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Monday, August 29, 2016, 23:49

Bahrain in SAR charm offensive

By Lin Wenjie
Bahrain in SAR charm offensive
Traders work at the Bahrain Stock Exchange in Manama. The kingdom’s prime assets are believed to be its strategic geographical location in the Middle East region, low labor costs, diversified industries and an open economy that offer a favorable business environment for Chinese companies. (Phil Weymouth / Bloomberg)

Oil-rich kingdom Bahrain — one of the Middle East countries along the China-led Belt and Road Initiative — has launched its economic development office in Hong Kong as part of efforts to lure SAR and Chinese mainland investors seeking access to the fast growing $1.6-trillion Gulf Cooperation Council (GCC) market.

The SAR office aims to facilitate bilateral links between Hong Kong and Bahrain and seek cooperation opportunities in key industries like tourism and leisure, financial services, information communications and technology and manufacturing.

It will help investors explore opportunities and guide them through the process of establishing companies in Bahrain.

The value of trade between Hong Kong and Bahrain surged 22.8 percent to $139.43 million in 2015, according to government data.

The tiny island nation, located on the western shores of the Persian Gulf and is heavily reliant on oil exports and tourism, is recognized as one of the world’s freest economies. It has been stepping up a campaign for foreign trade and investment, stressing its role as the gateway for Chinese mainland investors in the six-nation GCC of which Bahrain is a member.

According to Bahrain’s economic development agency, the country’s prime assets are its strategic geographical location in the Middle East region, low labor costs, diversified industries and an open economy that offer a favorable business environment for Chinese companies.

“Bahrain is connected to Saudi Arabia by a 25-kilometer causeway, which only needs 30 minutes’ drive, so many companies use Bahrain as a gateway for access to Saudi Arabia and the GCC countries,” said Simon Galpin, managing director of the Bahrain Economic Development Board (BEDB).

“In addition, Bahrain has a favorable business environment. Labor and energy costs are 40 percent lower than in Dubai. We offer a unified jurisdiction with a tried and tested legal and regulatory environment, and foreigners can set up wholly-owned companies there, without having to look for a local partner. There’s also no income tax, no corporate tax, no capital gains tax in Bahrain,” he said.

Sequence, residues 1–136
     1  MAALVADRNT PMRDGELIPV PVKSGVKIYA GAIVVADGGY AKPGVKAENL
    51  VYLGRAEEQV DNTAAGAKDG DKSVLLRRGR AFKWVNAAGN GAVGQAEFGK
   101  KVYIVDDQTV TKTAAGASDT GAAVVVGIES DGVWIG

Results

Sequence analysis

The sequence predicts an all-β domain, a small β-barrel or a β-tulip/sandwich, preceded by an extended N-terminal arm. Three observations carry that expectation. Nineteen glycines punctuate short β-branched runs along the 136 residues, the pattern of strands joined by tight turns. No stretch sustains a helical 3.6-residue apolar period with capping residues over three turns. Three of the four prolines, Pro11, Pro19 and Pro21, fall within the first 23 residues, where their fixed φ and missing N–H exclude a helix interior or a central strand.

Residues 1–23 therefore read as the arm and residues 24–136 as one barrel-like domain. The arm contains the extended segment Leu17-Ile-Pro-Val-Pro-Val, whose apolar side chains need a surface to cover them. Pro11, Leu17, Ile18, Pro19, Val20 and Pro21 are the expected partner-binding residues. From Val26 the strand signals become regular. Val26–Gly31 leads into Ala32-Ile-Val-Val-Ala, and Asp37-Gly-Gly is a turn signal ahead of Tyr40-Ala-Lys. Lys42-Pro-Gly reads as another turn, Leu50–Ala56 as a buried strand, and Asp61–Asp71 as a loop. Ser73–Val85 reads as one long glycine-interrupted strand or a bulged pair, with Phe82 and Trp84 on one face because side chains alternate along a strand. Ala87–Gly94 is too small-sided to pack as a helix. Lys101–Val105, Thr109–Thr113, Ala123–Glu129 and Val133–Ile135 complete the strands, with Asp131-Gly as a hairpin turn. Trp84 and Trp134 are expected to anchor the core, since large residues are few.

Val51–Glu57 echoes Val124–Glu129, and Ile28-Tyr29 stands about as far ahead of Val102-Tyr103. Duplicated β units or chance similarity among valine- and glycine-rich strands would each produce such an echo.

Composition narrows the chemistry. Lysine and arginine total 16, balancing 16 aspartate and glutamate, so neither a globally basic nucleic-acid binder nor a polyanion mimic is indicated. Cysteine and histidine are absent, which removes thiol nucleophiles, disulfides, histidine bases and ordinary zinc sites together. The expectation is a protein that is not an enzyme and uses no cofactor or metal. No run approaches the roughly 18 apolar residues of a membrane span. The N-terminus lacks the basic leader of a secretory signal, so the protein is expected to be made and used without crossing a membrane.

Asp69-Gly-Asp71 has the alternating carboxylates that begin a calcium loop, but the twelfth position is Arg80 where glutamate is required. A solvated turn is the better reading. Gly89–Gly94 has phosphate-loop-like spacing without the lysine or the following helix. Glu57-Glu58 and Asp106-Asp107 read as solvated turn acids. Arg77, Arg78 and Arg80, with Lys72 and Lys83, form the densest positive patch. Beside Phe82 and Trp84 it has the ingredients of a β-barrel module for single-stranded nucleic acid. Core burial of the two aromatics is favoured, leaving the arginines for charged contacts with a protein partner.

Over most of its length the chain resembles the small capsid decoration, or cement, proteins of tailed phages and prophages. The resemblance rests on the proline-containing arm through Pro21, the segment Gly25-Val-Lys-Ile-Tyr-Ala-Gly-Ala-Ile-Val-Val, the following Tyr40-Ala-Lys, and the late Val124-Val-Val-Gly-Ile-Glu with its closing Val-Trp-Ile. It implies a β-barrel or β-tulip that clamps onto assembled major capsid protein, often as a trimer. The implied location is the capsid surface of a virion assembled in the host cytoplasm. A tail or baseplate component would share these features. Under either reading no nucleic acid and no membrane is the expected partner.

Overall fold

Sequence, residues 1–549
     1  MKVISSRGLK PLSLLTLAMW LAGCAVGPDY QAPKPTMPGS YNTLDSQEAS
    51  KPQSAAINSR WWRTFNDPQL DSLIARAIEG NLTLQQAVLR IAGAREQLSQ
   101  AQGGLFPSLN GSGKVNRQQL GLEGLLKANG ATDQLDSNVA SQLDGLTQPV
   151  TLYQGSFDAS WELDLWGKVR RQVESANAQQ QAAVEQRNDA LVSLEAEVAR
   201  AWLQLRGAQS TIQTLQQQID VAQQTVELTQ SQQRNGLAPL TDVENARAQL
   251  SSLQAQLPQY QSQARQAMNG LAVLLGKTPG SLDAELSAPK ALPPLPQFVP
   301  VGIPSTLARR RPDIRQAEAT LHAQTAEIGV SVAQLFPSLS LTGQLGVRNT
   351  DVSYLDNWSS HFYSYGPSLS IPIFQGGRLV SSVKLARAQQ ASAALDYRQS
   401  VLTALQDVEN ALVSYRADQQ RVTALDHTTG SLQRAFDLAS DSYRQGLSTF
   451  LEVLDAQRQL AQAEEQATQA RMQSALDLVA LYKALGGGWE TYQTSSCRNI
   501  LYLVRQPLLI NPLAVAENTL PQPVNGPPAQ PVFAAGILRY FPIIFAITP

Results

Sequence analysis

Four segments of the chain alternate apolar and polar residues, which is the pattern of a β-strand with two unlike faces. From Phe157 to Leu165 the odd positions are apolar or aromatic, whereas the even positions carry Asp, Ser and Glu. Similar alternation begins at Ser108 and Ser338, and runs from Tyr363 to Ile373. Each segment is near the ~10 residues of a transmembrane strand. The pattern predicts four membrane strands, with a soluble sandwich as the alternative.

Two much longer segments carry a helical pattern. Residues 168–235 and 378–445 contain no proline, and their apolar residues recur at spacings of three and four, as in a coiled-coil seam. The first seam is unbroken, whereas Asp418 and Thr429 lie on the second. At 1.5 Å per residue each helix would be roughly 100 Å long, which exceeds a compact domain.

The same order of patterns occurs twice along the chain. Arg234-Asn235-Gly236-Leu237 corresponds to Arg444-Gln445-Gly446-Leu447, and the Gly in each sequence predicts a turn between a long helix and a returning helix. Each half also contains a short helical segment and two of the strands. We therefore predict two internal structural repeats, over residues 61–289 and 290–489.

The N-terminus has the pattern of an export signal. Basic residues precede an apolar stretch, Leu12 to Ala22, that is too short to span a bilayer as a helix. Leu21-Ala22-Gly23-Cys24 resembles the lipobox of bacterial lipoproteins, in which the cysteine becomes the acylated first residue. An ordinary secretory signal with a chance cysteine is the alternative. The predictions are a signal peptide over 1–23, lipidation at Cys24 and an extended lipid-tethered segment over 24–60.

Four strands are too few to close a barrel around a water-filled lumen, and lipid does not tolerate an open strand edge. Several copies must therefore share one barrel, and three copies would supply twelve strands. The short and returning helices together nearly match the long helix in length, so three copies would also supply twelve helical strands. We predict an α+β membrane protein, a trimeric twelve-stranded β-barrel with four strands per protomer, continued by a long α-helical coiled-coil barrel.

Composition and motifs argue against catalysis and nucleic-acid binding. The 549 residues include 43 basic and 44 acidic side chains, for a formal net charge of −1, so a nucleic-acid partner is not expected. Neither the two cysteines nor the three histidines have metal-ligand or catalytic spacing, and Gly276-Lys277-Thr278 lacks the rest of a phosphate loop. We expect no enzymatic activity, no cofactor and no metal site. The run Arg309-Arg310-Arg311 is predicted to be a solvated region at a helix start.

Shenzhen-based telecommunications giant Huawei has spearheaded the Chinese mainland’s business presence in Bahrain, having set up its Middle East headquarters in the kingdom 10 years ago. The group opened its first Middle East IT Competence Center in the country in 2013.

Galpin said tourism is the most important industry for the start of business links with Hong Kong and mainland hotel operators, while the financial services sector fits well for Chinese companies, especially those engaged in the digital payment business.

“Tourism is our key focus. We are keen to invite hotel operators to set up and expand their hotel operations in Bahrain,” said Galpin. “Lots of visitors from Saudi Arabia drive to Bahrain for weekends and holidays, but the tourism industry only accounted for 2 percent of Bahrain’s real gross domestic product in 2014. So, I believe there’s huge potential.”

According to the BEDB, Bahrain hosted more than 10 million visitors in 2014 — up 11.1 percent over 2013 — with about 6.6 million of them from the GCC, especially Saudi Arabia.

As a nation involved in the Belt and Road Initiative, Bahrain is seeking deeper business cooperation with mainland companies.

“Bahrain is very keen to develop economic relationships with the mainland. We have many government-funded infrastructure projects that could present opportunities for mainland engineering companies, such as upgrading oil and gas companies, expanding our airport by 40 percent and a new light-rail system. We’re now actively looking for partners,” said Galpin.

The Belt and Road Initiative, proposed by China in 2013, is a trade and infrastructure network that includes the Silk Road Economic Belt and the 21st Century Maritime Silk Road. The network connects Asia, Europe and Africa and passes through more than 60 countries and regions with a population of about 4.4 billion.
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